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New Mexico: Santa Fe mayor says gay marriage legal in state

BY NATASHA BARSOTTI — Mayor David Coss of Sante Fe, New Mexico, said gay marriage is already legal in the state as he announced a resolution that will be brought before city council March 27 that would affirm that opinion. 

At a March 19 press conference, Coss called Santa Fe a city of respect, acceptance and diversity and said he's "made it a point as mayor" to try to embrace all its residents.  

"I think it's time to move on this issue; the whole country is changing. Santa Fe can lead that change here in New Mexico," he said. 

City attorney Geno Zamora, who also spoke at the press conference, supported the mayor's statement. "First and most importantly, New Mexico does not define same-sex marriage as a marriage between a man and a woman. The statutes define it as gender-neutral between two parties," Zamora says.

"Secondly, New Mexico appropriately recognizes valid marriages from other states, including same-sex marriages from throughout the country. Third, under New Mexico statute, a marriage licence is not permitted to be denied based on the sex of the couple . . . Finally, we have a New Mexico constitution that guarantees equal rights on the basis of sex. To deny equal rights to same-sex partners is to violate the New Mexico constitution. Same-sex marriage is legal in New Mexico. It's legal for our brothers and sisters, for our parents, for our nephews and nieces, and for our friends."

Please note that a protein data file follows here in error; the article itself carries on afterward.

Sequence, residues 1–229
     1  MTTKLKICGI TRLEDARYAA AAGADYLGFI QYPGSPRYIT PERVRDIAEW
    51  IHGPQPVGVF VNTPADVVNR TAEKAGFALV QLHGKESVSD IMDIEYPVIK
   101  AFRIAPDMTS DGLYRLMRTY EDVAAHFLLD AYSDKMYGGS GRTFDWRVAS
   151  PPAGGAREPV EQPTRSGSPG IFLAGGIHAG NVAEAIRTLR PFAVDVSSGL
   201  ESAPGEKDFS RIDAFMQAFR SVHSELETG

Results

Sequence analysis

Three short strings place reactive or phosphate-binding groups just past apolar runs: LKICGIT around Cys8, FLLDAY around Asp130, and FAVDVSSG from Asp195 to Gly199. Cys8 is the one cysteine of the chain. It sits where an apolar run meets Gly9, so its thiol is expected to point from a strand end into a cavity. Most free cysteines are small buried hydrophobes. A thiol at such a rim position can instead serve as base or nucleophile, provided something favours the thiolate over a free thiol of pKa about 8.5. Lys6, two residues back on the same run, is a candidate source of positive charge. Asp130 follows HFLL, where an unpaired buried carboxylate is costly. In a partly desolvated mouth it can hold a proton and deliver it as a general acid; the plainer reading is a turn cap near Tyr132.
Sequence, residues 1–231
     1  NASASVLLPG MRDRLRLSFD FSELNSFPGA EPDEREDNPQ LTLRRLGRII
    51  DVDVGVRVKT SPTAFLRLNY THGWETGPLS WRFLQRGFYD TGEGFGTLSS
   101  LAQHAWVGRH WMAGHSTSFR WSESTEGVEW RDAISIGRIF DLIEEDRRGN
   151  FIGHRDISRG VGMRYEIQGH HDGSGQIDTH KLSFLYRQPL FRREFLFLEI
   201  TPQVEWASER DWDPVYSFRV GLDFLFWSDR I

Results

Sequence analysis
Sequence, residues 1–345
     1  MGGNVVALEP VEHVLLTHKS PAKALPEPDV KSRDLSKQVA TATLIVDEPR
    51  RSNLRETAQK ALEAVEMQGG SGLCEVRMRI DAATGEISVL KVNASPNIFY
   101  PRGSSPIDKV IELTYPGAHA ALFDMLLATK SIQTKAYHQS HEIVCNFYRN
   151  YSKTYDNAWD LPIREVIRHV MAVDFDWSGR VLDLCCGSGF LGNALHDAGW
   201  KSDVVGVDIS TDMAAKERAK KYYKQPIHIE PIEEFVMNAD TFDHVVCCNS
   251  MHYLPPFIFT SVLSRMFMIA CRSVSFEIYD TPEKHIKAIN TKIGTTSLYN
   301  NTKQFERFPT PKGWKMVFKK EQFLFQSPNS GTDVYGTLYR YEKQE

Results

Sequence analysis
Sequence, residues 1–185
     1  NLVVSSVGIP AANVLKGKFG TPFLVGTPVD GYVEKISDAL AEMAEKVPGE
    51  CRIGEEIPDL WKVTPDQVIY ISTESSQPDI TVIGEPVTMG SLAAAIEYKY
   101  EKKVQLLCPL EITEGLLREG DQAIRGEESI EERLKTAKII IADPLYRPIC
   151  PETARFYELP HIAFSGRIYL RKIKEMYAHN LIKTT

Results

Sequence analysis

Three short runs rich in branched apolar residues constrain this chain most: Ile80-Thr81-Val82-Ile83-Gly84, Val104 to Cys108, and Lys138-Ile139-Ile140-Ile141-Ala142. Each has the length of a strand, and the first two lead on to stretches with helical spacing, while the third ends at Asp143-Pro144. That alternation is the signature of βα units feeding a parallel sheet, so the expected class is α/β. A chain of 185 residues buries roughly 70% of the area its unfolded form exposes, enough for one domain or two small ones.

Gay Star News quotes county clerk Geraldine Salazar as saying she supports gay marriage but doesn't feel she can issue marriage licences to same-sex couples under the current law.

In 2004, county clerk Victoria Dunlap began issuing marriage licences to gay couples until the state attorney issued an opinion saying they were invalid, according to a report in The Washington Blade.

"The resolution that we have introduced to [the] city council and the legal opinion that our attorney’s office did also provides what’s the legal steps if the clerks won’t issue the licenses, but we’ve been waiting for the legislature to address this for 25 years,” Coss told The Blade, which notes that this current move by city officials comes more than two years after state Attorney General Gary King issued an opinion stating same-sex marriage is legal in the state. But his opinion does not have the force of law, the report adds.

Coss expects that the resolution and opinion will be heard in district court and then move on to the New Mexico Supreme Court for a final resolution.

Coss also revealed his personal interest in the matter, noting that his daughter is gay, and "as a dad," he wanted to walk her down the aisle some day. "I will never get to do that if we don’t move on these issues in Santa Fe. 

"I think we’re making the right statement and the right opinion, and I feel pretty confident that before too much longer, same-sex couples in New Mexico will have equal rights with the rest of New Mexicans.”

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